As Adrian Peterson Embarks on His Encore, Running Back Greats Describe Their Second Acts
- He's not the first to try it (Tony Dorsett? O.J. Simpson? Emmitt Smith?), but Adrian Peterson is looking to prove that there are second acts for NFL running backs. Can he pick up his story where he left off? Former players offer advice.
- Marcus Allen polished off his career in Kansas City, but that wasn't the same situation for other RB greats like O.J. Simpson and Emmitt Smith. How will Adrian Peterson's career finish?
ADRIAN PETERSON hasn’t had to make a first impression in a locker room in a decade, rare in a business where rosters shift as often as a running back making cuts across the field. But the 11,747 yards he gained in 10 years with the Vikings are far from the only reason the Saints speak of him with awe.
They try to keep up with the 32-year-old Peterson in wind sprints after practice in the oppressive Louisiana heat. They watch as he does one-legged, 48-inch box jumps onto his right knee with cartilage that was repaired less than a year ago. His new coach, Sean Payton, describes Peterson as having a certain “temperament” to his running style, the very same one anyone who’s watched the NFL in the last 10 years can recognize—upright and powerful and aggressive, with his knees high and churning.
“There’s something about getting a do-over,” Peterson says. “Starting over. That right there is kind of refreshing. It revives you.”
Peterson in New Orleans, and Marshawn Lynch in Oakland, are on the same mission: As running backs with more than 2,000 NFL carries each to their names, they’re trying to prove—with new teams—that their best days aren’t behind them. In February, Minnesota declined an $18 million contract option to keep Peterson; Lynch, 31, is making his return after a yearlong retirement from the Seahawks. Raiders coach Jack Del Rio commemorated his comeback by tweeting a practice video of Lynch juking the entire Oakland defense.
For all the optimism surrounding both running backs’ rebirths, history offers a cloudier prognosis. For every Marcus Allen, who kept his career going until 37 with a successful five-year, post-Raiders stint in Kansas City, there is a parade of Hall of Fame running backs who had brief and forgettable final acts: Emmitt Smith’s two seasons with the Cardinals, Tony Dorsett’s year with the Broncos, Thurman Thomas’s year with the Dolphins, Franco Harris’s eight games with the Seahawks, Eric Dickerson’s four games with the Falcons. O.J. Simpson was traded to San Francisco—for the hefty price of five draft choices—long after his juice was gone.
“Marcus Allen is a guy who stands out,” Peterson says, “but I haven’t really done all the research. I don’t like really looking at people that are what they consider ‘over the hill,’ in the tail end of their careers.” In his voice, the disdain for that label is clear. He declares he wants to play five or six more years. To keep himself feeling young, Peterson spends the offseason training with backs who are closer to 20 than 30, including Melvin Gordon, Ty Montgomery and Joe Mixon. “I see what I’m able to do,” Peterson says, “and I know I still have it.”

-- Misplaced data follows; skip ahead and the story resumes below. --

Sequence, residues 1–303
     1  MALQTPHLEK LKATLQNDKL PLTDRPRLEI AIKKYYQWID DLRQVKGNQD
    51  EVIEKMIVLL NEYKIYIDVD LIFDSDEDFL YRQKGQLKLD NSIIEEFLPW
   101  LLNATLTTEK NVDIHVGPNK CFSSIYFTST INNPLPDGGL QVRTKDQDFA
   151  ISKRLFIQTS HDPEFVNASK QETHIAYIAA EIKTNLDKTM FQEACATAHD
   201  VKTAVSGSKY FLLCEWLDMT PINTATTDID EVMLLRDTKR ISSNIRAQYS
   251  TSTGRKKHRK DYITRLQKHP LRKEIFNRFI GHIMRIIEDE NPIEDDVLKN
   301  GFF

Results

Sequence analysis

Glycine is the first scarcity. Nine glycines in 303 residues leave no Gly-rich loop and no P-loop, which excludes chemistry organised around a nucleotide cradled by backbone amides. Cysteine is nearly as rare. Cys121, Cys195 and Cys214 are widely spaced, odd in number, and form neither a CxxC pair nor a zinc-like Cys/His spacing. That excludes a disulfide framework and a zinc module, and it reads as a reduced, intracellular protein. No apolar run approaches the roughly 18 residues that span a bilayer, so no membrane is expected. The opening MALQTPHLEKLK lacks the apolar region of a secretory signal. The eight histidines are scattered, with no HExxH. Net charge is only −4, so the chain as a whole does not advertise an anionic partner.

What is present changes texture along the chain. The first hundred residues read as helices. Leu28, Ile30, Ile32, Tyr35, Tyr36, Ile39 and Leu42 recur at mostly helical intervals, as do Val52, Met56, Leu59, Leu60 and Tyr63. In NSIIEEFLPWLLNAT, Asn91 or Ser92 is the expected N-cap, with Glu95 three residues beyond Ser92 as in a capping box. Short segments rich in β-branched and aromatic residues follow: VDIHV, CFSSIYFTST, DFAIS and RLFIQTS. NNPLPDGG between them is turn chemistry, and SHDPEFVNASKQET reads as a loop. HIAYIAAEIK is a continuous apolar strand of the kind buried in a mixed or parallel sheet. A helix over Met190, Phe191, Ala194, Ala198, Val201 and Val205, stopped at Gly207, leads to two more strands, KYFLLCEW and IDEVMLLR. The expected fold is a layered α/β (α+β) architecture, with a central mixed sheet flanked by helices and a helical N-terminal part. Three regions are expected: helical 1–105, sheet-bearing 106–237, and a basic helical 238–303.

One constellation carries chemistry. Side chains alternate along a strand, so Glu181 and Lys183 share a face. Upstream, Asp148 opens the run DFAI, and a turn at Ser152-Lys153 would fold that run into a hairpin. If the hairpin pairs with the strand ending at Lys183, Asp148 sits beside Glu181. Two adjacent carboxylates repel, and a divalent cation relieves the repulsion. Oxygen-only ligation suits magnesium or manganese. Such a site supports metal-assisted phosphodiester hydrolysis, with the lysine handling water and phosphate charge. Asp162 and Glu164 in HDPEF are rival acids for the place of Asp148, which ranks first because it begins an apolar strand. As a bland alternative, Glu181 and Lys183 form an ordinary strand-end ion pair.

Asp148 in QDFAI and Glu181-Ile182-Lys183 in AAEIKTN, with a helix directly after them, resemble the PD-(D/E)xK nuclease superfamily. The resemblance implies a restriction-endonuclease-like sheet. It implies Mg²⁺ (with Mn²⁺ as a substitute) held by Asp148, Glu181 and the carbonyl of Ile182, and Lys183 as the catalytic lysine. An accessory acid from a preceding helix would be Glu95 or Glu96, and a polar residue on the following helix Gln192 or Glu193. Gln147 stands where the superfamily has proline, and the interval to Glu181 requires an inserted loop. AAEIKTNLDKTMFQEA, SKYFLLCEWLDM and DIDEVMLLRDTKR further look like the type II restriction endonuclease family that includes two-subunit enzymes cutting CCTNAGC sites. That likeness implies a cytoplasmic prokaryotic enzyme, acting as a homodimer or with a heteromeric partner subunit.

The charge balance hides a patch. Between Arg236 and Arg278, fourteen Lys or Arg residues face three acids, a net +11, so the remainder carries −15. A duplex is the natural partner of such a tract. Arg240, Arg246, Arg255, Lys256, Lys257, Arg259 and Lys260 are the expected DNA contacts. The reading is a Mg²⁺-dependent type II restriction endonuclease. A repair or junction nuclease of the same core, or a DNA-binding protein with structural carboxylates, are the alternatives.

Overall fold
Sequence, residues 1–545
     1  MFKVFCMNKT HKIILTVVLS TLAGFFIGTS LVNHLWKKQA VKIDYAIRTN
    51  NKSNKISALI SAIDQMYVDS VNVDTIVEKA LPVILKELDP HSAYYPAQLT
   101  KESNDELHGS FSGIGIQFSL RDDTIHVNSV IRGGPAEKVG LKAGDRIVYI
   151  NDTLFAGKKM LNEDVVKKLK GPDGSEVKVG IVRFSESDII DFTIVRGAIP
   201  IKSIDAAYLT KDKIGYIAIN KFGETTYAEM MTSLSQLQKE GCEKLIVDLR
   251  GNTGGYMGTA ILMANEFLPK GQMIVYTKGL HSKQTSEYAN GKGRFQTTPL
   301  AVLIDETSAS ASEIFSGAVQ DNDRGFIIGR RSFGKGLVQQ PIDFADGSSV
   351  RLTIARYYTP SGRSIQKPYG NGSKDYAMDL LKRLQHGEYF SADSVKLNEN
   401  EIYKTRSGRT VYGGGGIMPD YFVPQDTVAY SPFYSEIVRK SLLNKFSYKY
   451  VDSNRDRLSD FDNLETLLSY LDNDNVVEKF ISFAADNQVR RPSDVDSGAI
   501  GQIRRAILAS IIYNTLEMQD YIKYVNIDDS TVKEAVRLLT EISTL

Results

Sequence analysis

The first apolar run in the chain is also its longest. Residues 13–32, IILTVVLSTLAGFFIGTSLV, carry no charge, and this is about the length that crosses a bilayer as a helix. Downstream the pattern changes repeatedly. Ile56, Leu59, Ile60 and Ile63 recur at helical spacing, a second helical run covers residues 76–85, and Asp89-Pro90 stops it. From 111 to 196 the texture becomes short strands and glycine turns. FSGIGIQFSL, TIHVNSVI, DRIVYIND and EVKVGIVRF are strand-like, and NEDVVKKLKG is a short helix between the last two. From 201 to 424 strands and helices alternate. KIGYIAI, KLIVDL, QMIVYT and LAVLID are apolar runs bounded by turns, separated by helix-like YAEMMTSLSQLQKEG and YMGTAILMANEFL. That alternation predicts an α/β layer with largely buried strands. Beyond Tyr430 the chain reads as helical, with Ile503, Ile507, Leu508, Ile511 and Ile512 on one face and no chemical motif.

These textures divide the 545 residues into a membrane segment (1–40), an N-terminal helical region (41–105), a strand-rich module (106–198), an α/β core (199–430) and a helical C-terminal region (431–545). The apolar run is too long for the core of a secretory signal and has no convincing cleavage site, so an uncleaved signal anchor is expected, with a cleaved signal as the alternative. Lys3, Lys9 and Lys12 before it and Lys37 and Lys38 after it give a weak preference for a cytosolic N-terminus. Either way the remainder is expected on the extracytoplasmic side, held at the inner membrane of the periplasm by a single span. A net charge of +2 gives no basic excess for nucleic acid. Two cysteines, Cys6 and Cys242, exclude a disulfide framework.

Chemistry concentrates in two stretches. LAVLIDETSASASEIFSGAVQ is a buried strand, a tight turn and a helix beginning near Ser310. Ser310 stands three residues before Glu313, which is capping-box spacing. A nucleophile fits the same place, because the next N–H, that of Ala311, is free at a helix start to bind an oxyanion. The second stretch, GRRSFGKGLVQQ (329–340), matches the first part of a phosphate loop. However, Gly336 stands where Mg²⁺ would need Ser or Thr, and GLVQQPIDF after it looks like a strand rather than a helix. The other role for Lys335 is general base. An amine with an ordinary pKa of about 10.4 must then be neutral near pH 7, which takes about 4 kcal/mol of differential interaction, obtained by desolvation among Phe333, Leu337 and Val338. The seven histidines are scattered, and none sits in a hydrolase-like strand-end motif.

It’s one of the most intriguing questions of the 2017 NFL season: Can Peterson and Lynch pick up where they left off in Minnesota and Seattle? The stories of those who have attempted to write a new chapter to their careers offer some important clues, as greats of the past share the good, bad and ugly of the running back swan song.
In his 13th season with the Cowboys, Emmitt Smith passed Walter Payton to become the NFL’s all-time leading rusher. A year later he was playing for the Cardinals, who were eager to add a perennial Pro Bowler and three-time Super Bowl champion. Expectations were high after Smith signed a two-year deal to become the face of the lagging franchise. EMMITT MAKES IMPACT IN ARIZONA’S MINICAMP, read an AP headline.
Smith: Your stardom doesn’t leave. I tell people all the time, change happens. It’s not the change that really affects you, it’s your attitude toward the change. As long as you have the proper attitude, you can manage. It’s still football, whether it’s in Minnesota or New Orleans, Seattle or Oakland. But you come to realize how much you love the team that you once played for. For me, I came to realize how much my love for this sport was wrapped around the Dallas Cowboys.
On Oct. 5, 2003, Smith returned to Dallas, only to leave with an injury during the second quarter after rushing for minus-one yard in a loss to his old team.
Smith: It was a heart-wrenching moment when I went back to Texas Stadium to play against my Cowboys. That was difficult, because it was a team that I’ll always want to play for. Not being in that Cowboy uniform when I went back was very difficult.
Smith’s yards per carry in 2003 was a career-low 2.8. His rushing line in two seasons in Arizona: 357 carries, 1,193 yards, 11 TDs. Smith retired as a member of the Cardinals, but for all intents and purposes he was still a Cowboy. Jerry Jones stood alongside him at his final press conference.
Smith: I would do it again, and the reason why I would do it again is because I was able to have closure and know that my time had come, and my time had gone. It’s not that I can’t do it anymore. It’s why am I doing it? I’ve done everything that I wanted to do. I won three Super Bowls. I became the all-time leading rusher. I’ve been to Pro Bowls. I’ve done all these things.... What else is left for me to do, outside of get hurt?
Like Arizona’s signing of Smith, the 49ers brought in 30-year-old O.J. Simpson, who was coming off knee surgery, partly to make a splash. On March 25, 1978, The Washington Post wrote, “O.J. Simpson struck gold in his hometown of San Francisco yesterday and did not have to run through an airport to get it.”